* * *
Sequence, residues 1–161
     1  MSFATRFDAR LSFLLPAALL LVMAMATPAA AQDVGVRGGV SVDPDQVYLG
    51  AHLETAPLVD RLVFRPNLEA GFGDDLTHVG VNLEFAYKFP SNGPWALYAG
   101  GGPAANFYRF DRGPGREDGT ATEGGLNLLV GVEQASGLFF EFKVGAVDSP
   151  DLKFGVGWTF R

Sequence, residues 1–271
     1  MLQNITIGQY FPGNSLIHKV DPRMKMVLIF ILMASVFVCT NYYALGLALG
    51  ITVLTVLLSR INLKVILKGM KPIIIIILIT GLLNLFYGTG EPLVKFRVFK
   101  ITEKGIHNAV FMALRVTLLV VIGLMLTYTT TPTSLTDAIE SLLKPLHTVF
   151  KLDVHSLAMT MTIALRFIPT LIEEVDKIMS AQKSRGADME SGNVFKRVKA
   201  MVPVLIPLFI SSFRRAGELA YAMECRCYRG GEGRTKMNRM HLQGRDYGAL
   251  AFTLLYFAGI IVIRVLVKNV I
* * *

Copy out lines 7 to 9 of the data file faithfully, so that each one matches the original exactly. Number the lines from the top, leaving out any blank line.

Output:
     1  MLQNITIGQY FPGNSLIHKV DPRMKMVLIF ILMASVFVCT NYYALGLALG
    51  ITVLTVLLSR INLKVILKGM KPIIIIILIT GLLNLFYGTG EPLVKFRVFK
   101  ITEKGIHNAV FMALRVTLLV VIGLMLTYTT TPTSLTDAIE SLLKPLHTVF